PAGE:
A preliminary study by scientists at the National Institutes of Health and Johns Hopkins says that "mini" stem cell transplantation may safely reverse severe sickle cell disease in adults.
The phase I/II study to establish safety of the procedure describes 10 patients with severe sickle cell disease who received intravenous transplants of blood-forming stem cells.
The transplanted stem cells came from the peripheral blood of healthy related donors matched to the patients' tissue types.
Nine of 10 patients treated with this procedure have normal red blood cells and reversal of organ damage caused by the disease.
Dr. Jonathan Powell said that the intravenous transplant approach for sickle cell disease, caused by a single mutation in the haemoglobin gene, does not replace the defective gene, but transplants blood stem cells that carry the normal gene.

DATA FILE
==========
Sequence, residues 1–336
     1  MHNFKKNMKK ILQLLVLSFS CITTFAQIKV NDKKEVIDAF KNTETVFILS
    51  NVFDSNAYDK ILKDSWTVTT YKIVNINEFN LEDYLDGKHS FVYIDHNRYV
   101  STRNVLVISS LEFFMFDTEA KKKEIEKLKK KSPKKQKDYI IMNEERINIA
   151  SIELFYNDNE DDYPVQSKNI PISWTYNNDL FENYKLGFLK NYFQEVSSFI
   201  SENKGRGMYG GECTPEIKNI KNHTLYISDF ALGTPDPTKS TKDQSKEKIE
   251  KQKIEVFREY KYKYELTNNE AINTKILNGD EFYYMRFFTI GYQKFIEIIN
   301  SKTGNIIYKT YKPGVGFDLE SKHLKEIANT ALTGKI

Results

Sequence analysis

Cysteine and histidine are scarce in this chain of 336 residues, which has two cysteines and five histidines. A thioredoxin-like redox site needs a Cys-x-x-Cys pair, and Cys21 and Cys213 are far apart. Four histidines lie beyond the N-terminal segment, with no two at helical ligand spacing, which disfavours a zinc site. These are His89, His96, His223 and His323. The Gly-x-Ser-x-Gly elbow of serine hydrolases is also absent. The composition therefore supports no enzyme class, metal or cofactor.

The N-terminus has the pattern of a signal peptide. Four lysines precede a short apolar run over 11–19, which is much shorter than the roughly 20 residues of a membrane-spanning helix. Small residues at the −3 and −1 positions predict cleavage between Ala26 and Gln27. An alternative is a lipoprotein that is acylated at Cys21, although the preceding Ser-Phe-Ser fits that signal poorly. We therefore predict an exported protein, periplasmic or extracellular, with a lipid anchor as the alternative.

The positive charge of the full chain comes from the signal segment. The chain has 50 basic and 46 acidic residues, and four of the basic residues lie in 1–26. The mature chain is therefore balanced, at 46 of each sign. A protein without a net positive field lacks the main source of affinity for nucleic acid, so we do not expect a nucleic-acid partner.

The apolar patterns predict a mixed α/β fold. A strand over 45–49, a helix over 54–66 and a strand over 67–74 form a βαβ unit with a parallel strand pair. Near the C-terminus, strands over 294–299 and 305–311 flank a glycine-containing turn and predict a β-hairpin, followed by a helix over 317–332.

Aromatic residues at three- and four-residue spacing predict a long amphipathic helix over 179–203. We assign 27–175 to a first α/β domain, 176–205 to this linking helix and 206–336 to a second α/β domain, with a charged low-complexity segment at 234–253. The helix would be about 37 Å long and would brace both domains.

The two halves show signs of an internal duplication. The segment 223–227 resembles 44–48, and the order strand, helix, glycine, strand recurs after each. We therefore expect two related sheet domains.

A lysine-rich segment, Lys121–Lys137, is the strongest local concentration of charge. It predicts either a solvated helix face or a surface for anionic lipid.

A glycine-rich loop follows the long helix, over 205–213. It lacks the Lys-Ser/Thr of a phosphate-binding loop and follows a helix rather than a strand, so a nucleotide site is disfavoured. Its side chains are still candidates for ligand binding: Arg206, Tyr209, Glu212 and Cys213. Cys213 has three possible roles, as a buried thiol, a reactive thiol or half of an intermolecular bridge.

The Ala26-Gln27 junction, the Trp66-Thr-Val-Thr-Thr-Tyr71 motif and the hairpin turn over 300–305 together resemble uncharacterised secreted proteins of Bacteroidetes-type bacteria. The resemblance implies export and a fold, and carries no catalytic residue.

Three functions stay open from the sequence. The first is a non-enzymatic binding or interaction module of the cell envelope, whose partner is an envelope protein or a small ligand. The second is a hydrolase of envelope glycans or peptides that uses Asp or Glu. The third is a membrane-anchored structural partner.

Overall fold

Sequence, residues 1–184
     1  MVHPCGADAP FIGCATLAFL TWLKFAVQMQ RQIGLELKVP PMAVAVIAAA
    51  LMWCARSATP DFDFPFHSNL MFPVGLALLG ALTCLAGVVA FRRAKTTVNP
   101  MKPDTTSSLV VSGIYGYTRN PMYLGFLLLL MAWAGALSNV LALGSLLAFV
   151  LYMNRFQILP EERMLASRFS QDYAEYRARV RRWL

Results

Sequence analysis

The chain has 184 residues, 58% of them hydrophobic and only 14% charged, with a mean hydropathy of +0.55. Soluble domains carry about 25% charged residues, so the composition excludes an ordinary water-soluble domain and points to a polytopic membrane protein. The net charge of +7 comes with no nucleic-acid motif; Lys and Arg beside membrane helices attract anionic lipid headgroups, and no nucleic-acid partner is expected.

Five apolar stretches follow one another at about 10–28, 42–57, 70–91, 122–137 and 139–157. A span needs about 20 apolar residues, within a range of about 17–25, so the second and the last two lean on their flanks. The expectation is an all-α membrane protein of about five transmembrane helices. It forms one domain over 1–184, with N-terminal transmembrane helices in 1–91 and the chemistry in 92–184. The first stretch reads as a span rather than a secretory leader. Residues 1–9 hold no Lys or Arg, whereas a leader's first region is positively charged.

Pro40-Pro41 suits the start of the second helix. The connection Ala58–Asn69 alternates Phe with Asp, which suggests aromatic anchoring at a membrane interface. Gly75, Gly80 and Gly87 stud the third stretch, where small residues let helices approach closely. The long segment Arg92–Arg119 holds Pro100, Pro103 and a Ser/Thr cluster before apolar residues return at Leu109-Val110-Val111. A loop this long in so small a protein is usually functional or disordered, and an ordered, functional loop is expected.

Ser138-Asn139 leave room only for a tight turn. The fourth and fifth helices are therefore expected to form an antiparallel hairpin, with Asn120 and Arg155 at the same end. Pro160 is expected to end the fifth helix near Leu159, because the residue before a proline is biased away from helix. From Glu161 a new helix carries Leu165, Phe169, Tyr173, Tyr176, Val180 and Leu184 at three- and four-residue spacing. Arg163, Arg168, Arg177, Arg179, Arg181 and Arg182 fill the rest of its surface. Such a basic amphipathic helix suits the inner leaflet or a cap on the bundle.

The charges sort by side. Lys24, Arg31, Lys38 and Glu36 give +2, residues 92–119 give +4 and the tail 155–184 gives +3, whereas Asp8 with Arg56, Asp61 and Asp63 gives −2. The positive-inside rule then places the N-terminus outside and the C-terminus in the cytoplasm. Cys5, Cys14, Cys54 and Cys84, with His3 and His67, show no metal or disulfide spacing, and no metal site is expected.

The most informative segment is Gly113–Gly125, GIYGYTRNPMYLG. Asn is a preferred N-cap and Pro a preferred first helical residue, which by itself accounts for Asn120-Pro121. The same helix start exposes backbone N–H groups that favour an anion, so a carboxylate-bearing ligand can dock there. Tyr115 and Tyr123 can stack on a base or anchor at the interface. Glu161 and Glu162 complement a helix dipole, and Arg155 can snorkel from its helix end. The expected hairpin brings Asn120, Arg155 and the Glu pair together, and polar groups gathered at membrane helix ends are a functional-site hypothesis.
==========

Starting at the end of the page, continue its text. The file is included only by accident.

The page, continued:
All patients in the study, ranging in age from 16 to 45, were treated at the NIH with what researchers call a non-myeloablative or "mini" transplant, along with an immune-suppressing drug called rapamycin.
Unlike conventional transplant methods, in mini-transplants, lower doses of medication and radiation are used to make room for the donor's cells, the new source for healthy red blood cells in the patient.
According to Powell, side effects, including low white blood cell counts, were few and very mild compared with conventional bone marrow transplantation.
But in nine of the 10, donor cells now coexist with the patients' own cells.
One patient was not able to maintain the transplanted cells long term.
Powell said that by employing the drug rapamcyin, the new approach promotes the coexistence of the host and donor cells.
The study has been published in the New England Journal of Medicine.